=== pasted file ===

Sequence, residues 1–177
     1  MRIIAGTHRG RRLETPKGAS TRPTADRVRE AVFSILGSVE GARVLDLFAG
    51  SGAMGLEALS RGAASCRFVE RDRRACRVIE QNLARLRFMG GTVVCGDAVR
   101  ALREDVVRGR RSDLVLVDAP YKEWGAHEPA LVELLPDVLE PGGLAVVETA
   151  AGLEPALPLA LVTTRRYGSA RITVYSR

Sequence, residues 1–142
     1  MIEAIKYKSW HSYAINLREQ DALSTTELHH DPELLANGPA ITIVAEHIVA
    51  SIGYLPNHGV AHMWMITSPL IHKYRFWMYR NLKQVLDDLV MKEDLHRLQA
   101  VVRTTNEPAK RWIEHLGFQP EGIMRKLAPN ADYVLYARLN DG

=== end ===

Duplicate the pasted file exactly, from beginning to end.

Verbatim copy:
Sequence, residues 1–177
     1  MRIIAGTHRG RRLETPKGAS TRPTADRVRE AVFSILGSVE GARVLDLFAG
    51  SGAMGLEALS RGAASCRFVE RDRRACRVIE QNLARLRFMG GTVVCGDAVR
   101  ALREDVVRGR RSDLVLVDAP YKEWGAHEPA LVELLPDVLE PGGLAVVETA
   151  AGLEPALPLA LVTTRRYGSA RITVYSR

Sequence, residues 1–142
     1  MIEAIKYKSW HSYAINLREQ DALSTTELHH DPELLANGPA ITIVAEHIVA
    51  SIGYLPNHGV AHMWMITSPL IHKYRFWMYR NLKQVLDDLV MKEDLHRLQA
   101  VVRTTNEPAK RWIEHLGFQP EGIMRKLAPN ADYVLYARLN DG